According to a new study released on Monday, Greenland’s ice sheet has melted by 3.5 trillion tonnes in the last decade, raising global sea levels by one millimeter and increasing global flood risks.
(Photo : Photo by Sean Gallup/Getty Images)
In this aerial view melting ice forms a lake on free-floating ice jammed into the Ilulissat Icefjord during unseasonably warm weather on July 30, 2019 near Ilulissat, Greenland. The Sahara heat wave that recently sent temperatures to record levels in parts of Europe is arriving in Greenland. Climate change is having a profound effect in Greenland, where over the last several decades summers have become longer and the rate that glaciers and the Greenland ice cap are retreating has accelerated.
Extreme melting episodes have been growing in frequency for at least 40 years on the ice sheet atop the world’s biggest island, with enough frozen water to elevate oceans six meters (20 feet) globally.
Although Greenland is one of the most researched regions on the planet by climate scientists, Monday’s study is the first to utilize satellite data to identify ice sheet runoff.
According to researchers who published their findings in the journal Nature Communications, Greenland’s meltwater discharge has increased by 21% over the last four decades.
(Photo : Wikimedia Commons)
Panorama of the small settlement Naajaat in North-West Greenland. The Greenland ice sheet is seen to the upper left (Wikimedia Commons). The ice sheet of Greenland has grown and advanced many times, and it retreated several times as well for many millennia, and a new study showed that by the year 2100, the rate of the loss of its ice will be at its fastest in 12,000 years.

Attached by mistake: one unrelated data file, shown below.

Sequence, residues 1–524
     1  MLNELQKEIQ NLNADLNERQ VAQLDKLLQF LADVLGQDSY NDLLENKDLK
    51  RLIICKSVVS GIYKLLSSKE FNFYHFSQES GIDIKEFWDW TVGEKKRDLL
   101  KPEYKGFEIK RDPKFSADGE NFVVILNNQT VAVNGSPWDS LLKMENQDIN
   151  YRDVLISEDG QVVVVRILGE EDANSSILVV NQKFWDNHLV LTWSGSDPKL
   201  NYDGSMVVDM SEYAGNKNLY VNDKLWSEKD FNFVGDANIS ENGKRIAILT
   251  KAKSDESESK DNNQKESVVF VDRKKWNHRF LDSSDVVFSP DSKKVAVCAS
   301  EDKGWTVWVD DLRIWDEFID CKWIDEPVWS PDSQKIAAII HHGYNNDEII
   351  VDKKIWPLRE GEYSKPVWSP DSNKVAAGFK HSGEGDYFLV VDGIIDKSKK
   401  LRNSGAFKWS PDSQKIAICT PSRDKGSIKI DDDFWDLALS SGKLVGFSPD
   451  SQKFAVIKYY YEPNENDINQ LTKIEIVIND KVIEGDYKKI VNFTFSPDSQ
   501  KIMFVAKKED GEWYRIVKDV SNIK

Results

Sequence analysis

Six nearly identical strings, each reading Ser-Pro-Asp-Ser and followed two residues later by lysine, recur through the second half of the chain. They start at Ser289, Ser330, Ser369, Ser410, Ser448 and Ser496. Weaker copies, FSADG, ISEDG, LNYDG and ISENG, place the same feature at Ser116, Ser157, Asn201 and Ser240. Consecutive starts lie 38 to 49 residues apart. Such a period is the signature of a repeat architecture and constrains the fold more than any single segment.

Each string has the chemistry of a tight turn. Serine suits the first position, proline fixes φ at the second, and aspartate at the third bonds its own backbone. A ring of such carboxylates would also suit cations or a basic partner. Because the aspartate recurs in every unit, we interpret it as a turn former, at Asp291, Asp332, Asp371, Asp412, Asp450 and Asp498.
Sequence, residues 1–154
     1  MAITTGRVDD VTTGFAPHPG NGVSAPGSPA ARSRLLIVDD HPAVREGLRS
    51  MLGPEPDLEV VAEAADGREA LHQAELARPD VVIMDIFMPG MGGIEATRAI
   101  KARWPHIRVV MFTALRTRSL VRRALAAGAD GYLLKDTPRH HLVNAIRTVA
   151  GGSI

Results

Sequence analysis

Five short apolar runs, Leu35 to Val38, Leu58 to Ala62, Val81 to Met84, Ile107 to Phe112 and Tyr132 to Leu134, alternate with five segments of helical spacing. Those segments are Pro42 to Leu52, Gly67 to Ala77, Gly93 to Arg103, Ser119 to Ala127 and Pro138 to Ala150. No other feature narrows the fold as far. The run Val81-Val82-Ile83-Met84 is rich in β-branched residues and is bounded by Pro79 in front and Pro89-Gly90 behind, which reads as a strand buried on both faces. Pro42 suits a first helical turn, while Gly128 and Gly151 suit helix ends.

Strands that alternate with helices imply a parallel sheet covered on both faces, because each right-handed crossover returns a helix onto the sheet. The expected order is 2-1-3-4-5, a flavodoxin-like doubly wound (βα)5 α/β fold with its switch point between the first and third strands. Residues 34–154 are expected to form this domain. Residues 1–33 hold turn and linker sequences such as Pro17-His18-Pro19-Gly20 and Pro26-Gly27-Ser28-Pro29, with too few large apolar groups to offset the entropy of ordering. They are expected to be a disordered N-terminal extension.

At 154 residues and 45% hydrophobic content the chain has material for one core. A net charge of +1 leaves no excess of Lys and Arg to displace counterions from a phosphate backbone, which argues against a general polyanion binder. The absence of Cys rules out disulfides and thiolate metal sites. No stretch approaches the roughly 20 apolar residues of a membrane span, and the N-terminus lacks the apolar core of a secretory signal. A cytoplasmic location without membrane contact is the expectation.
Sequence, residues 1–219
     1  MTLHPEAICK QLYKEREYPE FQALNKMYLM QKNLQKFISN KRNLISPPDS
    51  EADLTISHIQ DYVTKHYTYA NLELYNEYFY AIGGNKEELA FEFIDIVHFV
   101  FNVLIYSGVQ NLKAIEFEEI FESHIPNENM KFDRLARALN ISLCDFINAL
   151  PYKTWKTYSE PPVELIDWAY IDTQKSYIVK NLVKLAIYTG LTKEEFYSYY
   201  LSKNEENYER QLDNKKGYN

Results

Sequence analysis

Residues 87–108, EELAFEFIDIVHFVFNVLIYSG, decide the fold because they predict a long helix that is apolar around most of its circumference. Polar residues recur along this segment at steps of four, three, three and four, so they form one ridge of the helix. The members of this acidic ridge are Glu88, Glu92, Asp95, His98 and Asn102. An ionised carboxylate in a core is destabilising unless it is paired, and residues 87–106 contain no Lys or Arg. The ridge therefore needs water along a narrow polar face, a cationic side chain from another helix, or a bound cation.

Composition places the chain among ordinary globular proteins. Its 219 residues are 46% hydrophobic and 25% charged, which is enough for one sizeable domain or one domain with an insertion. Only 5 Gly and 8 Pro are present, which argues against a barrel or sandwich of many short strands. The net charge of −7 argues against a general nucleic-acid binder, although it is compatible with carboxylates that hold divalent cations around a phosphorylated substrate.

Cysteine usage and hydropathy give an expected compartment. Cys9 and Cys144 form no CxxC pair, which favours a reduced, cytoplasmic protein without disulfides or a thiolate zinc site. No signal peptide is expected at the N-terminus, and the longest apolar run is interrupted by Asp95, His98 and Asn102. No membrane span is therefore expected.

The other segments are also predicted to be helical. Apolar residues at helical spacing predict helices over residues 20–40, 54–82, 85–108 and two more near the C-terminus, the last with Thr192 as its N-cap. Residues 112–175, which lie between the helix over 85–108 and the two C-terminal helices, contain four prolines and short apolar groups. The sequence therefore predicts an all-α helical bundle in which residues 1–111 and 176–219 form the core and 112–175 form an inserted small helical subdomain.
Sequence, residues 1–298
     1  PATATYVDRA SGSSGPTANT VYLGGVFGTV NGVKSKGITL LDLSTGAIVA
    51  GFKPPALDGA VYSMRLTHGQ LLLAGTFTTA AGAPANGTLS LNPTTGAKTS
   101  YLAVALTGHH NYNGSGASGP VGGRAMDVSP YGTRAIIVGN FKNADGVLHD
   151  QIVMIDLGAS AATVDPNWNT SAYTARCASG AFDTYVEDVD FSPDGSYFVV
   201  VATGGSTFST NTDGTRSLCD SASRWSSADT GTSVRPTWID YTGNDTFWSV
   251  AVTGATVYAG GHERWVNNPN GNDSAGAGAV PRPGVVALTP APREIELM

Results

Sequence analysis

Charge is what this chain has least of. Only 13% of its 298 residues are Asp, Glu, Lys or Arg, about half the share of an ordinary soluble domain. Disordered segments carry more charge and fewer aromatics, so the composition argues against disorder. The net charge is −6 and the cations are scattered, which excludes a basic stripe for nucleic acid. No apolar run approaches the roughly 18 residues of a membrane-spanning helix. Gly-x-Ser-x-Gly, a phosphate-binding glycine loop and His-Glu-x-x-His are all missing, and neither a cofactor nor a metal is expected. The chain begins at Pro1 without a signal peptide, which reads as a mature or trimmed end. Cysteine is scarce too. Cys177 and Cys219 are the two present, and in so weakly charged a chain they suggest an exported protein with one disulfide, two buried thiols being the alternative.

More alarmingly, the European Space Agency data revealed that the ice sheet had lost 3.5 trillion tonnes of ice since 2011, causing global ocean levels to rise and putting coastal cities in danger of flooding.
According to the analysis, only two hot summers in the last decade-2012 and 2019-accounted for one-third of the ice loss.
The photographs revealed considerable yearly variation in ice melt and, when paired with temperature data, showed that heatwaves were becoming a significant driver of ice loss-in addition to global warming.
Five hundred twenty-seven billion tonnes of ice was lost in 2012 due to changes in weather patterns that allowed hot air to loiter over the ice sheet for weeks.
“As we’ve observed in other areas of the world, Greenland is prone to more extreme weather events,” said principal author Thomas Slater of the University of Leeds Centre for Polar Observation and Modelling.
“It’s logical to predict that as our climate warms, dramatic melting in Greenland will become more common.”
Increasing Sea Levels
(Photo : Pixabay)
Scientists reported that climate change has caused an ice chunk larger than Paris to break off from the only remaining and largest glacier in Greenland and shatter to pieces.
Predicting how much Greenland’s melt will contribute to increasing sea levels is notoriously difficult for scientists, especially when other land-based glacier melt is considered.
Water expands when oceans warm, contributing to increased sea levels.
According to the study’s authors, the satellite data allowed scientists to determine how much ice Greenland lost in a given year and convert it to sea-level rise equivalents swiftly and reliably.
According to co-author Amber Leeson, senior professor in Environmental Data Science at Lancaster University in the United Kingdom, “model projections show that the Greenland ice sheet will contribute between 3-23 cm to global sea-level rise by 2100.”
“These new spaceborne runoff estimates will help us better comprehend complicated glacier melt processes… and simply allow us to update our future sea-level rise forecasts.”
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